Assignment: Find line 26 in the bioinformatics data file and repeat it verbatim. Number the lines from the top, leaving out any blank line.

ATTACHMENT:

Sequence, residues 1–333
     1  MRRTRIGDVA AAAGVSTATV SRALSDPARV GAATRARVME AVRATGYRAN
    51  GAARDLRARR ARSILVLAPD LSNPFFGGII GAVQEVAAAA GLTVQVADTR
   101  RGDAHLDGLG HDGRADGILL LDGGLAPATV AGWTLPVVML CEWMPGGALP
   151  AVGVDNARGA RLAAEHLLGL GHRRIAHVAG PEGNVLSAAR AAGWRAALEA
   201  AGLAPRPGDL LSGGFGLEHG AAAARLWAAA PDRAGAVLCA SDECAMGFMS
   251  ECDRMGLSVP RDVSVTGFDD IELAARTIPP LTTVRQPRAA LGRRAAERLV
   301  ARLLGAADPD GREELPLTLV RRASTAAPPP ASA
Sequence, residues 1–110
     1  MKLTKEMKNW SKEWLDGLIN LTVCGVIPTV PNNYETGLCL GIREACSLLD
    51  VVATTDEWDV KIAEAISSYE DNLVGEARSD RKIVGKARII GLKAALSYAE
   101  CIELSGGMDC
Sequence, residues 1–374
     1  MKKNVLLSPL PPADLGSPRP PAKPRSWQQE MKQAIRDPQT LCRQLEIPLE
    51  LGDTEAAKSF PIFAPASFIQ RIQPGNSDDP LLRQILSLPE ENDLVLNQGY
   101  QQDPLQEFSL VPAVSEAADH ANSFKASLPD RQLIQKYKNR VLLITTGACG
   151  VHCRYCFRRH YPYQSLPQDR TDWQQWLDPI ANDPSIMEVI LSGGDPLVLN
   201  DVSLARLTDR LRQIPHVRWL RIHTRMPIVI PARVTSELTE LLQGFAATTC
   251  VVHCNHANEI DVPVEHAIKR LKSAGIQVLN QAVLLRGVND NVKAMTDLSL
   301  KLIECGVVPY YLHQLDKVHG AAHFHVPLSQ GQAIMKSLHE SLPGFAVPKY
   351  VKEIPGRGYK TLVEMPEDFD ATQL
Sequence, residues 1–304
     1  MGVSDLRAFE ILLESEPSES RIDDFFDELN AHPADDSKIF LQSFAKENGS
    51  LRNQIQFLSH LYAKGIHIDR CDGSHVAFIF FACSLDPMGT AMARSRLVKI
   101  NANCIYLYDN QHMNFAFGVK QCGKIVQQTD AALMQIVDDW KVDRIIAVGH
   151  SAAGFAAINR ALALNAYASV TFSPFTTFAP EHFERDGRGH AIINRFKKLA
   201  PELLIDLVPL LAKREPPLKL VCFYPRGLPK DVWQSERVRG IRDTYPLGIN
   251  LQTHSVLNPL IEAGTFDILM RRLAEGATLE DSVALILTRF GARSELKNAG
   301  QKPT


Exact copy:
   151  SAAGFAAINR ALALNAYASV TFSPFTTFAP EHFERDGRGH AIINRFKKLA